– Criggie
    May 18 at 2:44
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    Echoing @Criggie's comment, it would be very unwise to let management know you were seeking employment elsewhere. May 18 at 23:27
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    Upvoted the three comments above, and strongly endorse the sentiments within. May 19 at 10:02
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I suggest you do throw Jane under the bus, but in a different way that @gnasher729 suggests.

I would simply, truthfully, tell Tracy:

  • that I like to work with her, and that it is a very performant relationship
  • that this is not the case with Jane, for all sorts of reasons

You do not need to make snaky remarks - just show the contrast and clearly tell that the relationship with Jane is not good and counterproductive for the company.

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    Something like: Well, Jane and I just don't get on, can't say exactly why, sometimes it just doesn't work right, and working directly with you was much more productive.
    – RedSonja
    May 18 at 6:50
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    Tracy will want to understand your motivations, and know you have a good reason for not liking Jane (at the least, so she knows how to avoid it). Describe specifically but non-judgementally what you don't like about working with Jane, or about your previous role. In your work with Tracy, you get more responsibility and your work is more visible to senior staff. You can say Jane's leadership style was more distant, with Jane giving you tasks and asking for updates instead of working together on problems, and when Jane had concerns, she let them grow instead of giving you timely feedback.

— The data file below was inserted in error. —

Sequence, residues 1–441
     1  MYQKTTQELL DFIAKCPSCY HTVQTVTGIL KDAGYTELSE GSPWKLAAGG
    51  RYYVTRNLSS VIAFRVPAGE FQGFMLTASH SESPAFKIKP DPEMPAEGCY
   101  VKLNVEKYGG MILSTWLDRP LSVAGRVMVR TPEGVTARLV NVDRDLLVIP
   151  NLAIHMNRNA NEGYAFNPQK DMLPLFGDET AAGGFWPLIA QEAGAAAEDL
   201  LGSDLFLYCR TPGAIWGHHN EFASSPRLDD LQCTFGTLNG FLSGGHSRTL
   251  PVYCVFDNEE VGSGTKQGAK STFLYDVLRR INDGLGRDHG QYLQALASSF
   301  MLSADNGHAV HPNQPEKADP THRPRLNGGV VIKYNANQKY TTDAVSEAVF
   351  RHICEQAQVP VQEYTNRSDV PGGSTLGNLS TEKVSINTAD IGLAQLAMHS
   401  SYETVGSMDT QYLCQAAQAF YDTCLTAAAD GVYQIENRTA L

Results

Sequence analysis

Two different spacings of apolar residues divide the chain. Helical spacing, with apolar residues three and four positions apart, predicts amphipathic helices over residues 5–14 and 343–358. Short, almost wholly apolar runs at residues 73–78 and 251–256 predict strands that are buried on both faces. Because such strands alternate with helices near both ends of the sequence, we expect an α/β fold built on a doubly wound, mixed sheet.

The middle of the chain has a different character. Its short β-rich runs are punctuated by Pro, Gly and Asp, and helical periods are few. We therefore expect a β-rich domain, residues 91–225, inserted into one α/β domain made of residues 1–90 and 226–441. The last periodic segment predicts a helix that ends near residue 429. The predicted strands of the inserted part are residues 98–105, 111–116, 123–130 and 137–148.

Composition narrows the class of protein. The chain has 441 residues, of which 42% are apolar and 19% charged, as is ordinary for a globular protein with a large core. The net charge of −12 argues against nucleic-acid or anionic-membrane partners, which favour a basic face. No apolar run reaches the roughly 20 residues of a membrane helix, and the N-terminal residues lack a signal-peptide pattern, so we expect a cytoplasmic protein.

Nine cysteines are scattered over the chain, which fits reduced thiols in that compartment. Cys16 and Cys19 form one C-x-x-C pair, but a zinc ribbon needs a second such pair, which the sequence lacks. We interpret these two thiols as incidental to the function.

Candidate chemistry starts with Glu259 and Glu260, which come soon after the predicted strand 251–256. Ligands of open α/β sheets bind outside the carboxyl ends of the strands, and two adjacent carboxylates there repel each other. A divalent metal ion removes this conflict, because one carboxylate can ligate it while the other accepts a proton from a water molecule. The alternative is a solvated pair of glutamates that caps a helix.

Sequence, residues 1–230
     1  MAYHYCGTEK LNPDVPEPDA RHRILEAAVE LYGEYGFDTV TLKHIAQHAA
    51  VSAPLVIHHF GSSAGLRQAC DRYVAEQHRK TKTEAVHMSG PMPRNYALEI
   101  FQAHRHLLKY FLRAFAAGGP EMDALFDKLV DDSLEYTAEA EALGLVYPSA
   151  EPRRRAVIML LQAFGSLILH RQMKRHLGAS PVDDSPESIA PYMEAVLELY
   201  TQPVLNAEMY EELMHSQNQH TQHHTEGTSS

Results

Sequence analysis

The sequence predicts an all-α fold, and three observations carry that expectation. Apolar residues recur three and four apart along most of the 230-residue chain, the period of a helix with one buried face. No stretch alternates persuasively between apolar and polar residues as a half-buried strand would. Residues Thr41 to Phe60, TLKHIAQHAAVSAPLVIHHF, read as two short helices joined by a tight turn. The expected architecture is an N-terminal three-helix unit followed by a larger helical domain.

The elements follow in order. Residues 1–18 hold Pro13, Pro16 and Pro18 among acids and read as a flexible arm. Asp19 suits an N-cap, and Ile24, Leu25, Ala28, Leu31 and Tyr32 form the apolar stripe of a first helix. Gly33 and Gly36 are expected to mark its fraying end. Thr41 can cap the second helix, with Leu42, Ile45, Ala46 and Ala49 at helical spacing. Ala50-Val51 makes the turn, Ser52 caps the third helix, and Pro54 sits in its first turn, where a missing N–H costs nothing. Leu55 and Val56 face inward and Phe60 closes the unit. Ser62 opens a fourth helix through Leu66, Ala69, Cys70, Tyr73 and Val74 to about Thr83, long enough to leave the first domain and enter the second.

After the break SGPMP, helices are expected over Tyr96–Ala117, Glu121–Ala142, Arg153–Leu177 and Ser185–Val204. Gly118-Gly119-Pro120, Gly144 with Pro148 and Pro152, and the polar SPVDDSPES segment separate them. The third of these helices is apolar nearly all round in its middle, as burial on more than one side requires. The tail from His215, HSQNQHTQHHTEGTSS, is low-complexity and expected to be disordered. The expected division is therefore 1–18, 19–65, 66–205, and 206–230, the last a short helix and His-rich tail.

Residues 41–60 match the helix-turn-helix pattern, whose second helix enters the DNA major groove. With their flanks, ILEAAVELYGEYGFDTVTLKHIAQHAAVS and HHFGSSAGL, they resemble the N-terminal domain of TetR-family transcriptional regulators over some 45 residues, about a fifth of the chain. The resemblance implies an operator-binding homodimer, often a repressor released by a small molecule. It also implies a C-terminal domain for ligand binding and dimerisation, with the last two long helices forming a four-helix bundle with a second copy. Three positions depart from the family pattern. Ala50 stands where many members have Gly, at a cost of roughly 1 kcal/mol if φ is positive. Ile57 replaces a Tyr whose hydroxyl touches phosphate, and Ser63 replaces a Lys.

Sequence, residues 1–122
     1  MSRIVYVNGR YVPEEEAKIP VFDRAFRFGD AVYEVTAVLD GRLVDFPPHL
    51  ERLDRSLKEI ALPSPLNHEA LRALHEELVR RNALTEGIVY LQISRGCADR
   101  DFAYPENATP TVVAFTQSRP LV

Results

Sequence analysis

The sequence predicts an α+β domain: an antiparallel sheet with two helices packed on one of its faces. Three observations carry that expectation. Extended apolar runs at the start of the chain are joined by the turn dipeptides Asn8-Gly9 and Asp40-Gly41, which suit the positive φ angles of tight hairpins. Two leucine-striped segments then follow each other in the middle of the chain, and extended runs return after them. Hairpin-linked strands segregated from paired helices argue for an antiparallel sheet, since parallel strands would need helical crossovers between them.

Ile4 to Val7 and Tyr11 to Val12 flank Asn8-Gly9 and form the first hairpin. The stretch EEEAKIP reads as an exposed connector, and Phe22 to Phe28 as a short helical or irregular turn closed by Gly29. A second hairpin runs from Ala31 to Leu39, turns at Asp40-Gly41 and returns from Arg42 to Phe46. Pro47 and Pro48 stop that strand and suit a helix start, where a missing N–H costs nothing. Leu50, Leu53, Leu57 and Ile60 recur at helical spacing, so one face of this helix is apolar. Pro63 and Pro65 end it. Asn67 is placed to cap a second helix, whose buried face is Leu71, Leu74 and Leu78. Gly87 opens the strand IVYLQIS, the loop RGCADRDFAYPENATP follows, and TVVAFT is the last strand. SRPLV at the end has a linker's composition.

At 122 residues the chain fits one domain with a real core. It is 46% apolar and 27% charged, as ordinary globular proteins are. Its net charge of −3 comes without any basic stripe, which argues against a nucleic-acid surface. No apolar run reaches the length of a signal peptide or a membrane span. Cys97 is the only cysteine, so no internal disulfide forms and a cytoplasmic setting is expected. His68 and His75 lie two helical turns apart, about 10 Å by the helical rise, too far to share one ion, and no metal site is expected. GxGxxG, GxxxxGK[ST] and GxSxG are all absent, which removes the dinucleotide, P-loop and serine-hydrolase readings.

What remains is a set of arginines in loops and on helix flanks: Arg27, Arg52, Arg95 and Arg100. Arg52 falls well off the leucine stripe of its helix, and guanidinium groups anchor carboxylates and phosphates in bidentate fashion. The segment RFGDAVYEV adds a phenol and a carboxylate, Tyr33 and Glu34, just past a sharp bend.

– user7868
    May 18 at 13:51
  • I like the idea of being explicit about why you like working with Tracy more, for the simple reason that it gives Tracy an opportunity to clarify if that's more a temporary solution. Because talking to your manager "multiple times a day" sounds like an awful lot, especially if said manager is high up the food chain. Maybe she's mostly doing it to get started or as an exception to cover for Jane, and not able to provide the same level of support indefinitely.
    – xLeitix
    May 19 at 11:53
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    Don't say you don't like working with Jane, say working with her makes you unproductive and stressed out and isn't sustainable, say you're not sure what to do about it, and ask for suggestions. May 19 at 20:08
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I also started to suspect she was presenting my work as her own, or at least as having contributed to it when she hadn't, as company updates would always say things like "Jane and batsag have worked really hard on x or y" when x or y was something I'd worked on alone.

There's a better-than-even chance that Tracy already knows this, in my estimation. Six months is plenty of time to deduce who was really getting things done in this working relationship. If you work effectively under Tracy, are achieving goals and growing professionally then 'climbing the ladder' is what you should be doing. It's more than reasonable to remark that you'd like to continue reporting to Tracy given that it's been shown to be successful.

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    To this point - if Jane has been absent for six months Tracy will know what things have got suddenly hard and what haven't. Hard to design a better test of Jane's (and your) employee value.
    – Joe
    May 17 at 14:43
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    Yup. Also, if Jane has been undermining you and Tracy is not, it's pretty clear that Tracy can see through the BS. Jane is not in for a good time when she gets back if her behavior does not change, even without you saying anything. That being said, the conversation does need to happen explicitly in some form. May 18 at 14:25
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"I had the CEO come up to me late one evening last week and tell me he's been 'hearing great things about me over the past month'". Based on your work history, this should have made you very mad, as you have consistently done great work that is only now getting acknowledged. Use this statement as your way to tell Tracy that you were unhappy before. Tell Tracy that you enjoy working directly for her, and do not wish to have your efforts minimized or taken advantage of in the future. She'll fill in the blanks, without you needing to explicitly disparage your old boss.

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    I really like this option! This one is underrated.